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Strings are immutable because they are stored in a constant string pool. So, where are stringbuilder objects created ? Say, I create two string builder objects

StringBuilder s1 = new StringBuilder("abc");  
StringBuilder s2 = new StringBuilder("abc");

I will be ending up with 2 separate objects in heap memory right both containing the values "abc" ?

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2  
Strings are not immutable because there's a string constant pool, it's the other way around: A string constant pool is possible because strings are immutable. –  delnan Apr 23 '11 at 17:24
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@Hristo: They're not the same object at all. (In fact, they're not objects in the first place - they're variables, but they refer to different objects.) If you call s1.append("foo") then that won't affect the object referred to by s2. –  Jon Skeet Apr 23 '11 at 17:26
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@Hristo - Everytime two separate StringBuilder instances will be created for sure:) –  Petar Minchev Apr 23 '11 at 17:27
    
@Hristo: I think not. Doing this would mean that making changes to s1 will cause changes in s2, and the JVM would never know if this might happen in the future. For this reason, I know that the JVM is smart enough not to make them refer to the same memory. –  Hovercraft Full Of Eels Apr 23 '11 at 17:28
    
haha my bad guys. rookie mistake :) –  Hristo Apr 23 '11 at 17:29

3 Answers 3

up vote 3 down vote accepted

The immutability of strings has little to do with there being a constant string pool. Or rather, they have to be immutable for a string pool to be useful, but there doesn't have to be a string pool for them to be immutable.

Note that only compile-time constants end up in the string pool usually - unless you call intern(). So for example, if you have:

char[] x = { 'a', 'b', 'c' };
String s1 = new String(x);
String s2 = new String(x);

then s1 and s2 refer to equal strings, but distinct objects.

Creating two StringBuilder objects simply creates two objects though. The exact implementation details of what's inside a StringBuilder can easily change between versions, and I don't know the details offhand, but it could easily be a char[] created from the string passed into the constructor. (I believe that's the case for JDK 1.6, anyway.)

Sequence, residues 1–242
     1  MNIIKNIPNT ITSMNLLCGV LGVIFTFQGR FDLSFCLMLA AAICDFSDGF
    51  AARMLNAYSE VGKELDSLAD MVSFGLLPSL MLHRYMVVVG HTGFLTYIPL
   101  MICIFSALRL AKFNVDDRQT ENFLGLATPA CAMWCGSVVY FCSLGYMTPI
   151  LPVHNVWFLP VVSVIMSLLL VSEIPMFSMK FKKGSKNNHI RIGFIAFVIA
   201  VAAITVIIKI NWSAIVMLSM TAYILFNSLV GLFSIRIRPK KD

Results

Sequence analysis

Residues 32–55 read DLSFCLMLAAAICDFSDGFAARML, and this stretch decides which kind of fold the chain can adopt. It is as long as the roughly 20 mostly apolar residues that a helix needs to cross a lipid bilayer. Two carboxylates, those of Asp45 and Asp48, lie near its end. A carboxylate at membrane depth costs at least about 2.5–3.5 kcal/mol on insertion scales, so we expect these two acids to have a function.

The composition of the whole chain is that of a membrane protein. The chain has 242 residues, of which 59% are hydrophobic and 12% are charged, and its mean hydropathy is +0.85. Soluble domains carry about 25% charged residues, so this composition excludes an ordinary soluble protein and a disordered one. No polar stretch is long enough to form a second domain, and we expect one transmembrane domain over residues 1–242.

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String str1 = "Java"
String str2 = "Java"

So, str1 and str2 are pointing to the same "Java" in literal pool.

String str3 = new String("Java");
String str4 = new String("Java");

str3 and str4 are not pointing to the same location but have separate memory allocated.

StringBuilder s1 = new StringBuilder("abc");  
StringBuilder s2 = new StringBuilder("abc");

s1 and s2 do not point to same memory location.

So, whenever you say "new", it creates a separate memory for that variable.

You can test this by displaying their address on the Console.

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In the second case why can't they point to the same location ? They are anyway strings and if you make them refer to a new string a new string object will always be created! –  phoenix Apr 23 '11 at 17:38
    
@phoenix, No, they don't point to the same location. You can check this by printing out the address of the two string objects –  Shankar Apr 23 '11 at 17:39
    
I know they don't point to the same object. But my question is why can't they? String s1 = new ("abc") String s2 = new ("abc"). So now even if s1 and s2 are pointing to the same object it wouldn't hurt right! Because the minute i assign s1 = "def" a new object is created .. so why doesn't the VM check to see if a string object already exists and assign any new string object to it? Basically I want to know why the discrepancy between the first method in your answer and the second one ? Why are 2 objects created for the second one ? –  phoenix Apr 23 '11 at 17:45
    
@phoenix, but why should the JVM check on that? I will give you an example. Say you are having 2 strings, one for first name and the other for last name. There is high probability that more than 1 person can have the same first name. Do you think JVM should have both their first names pointed to the same memory location? What if the 3rd person has a different first name? How does JVM handle that? Pointed to be noted is that whenever you are saying "new" in Java, it creates a separate memory location. –  Shankar Apr 23 '11 at 19:22

The constant pool stores strings that are defined as literal (enclosed in double quotes) in the source code. Non literal strings are not stored in the CP. They simply use an underlying char array, and make sure it is never written to.

A StringBuilder allocates such an array and then hands it over to a newly-created String object.

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Apart from literal strings, also compile-time constant String expressions are stored in the constant pool, like "Hello " + 5. –  Paŭlo Ebermann Apr 23 '11 at 20:24

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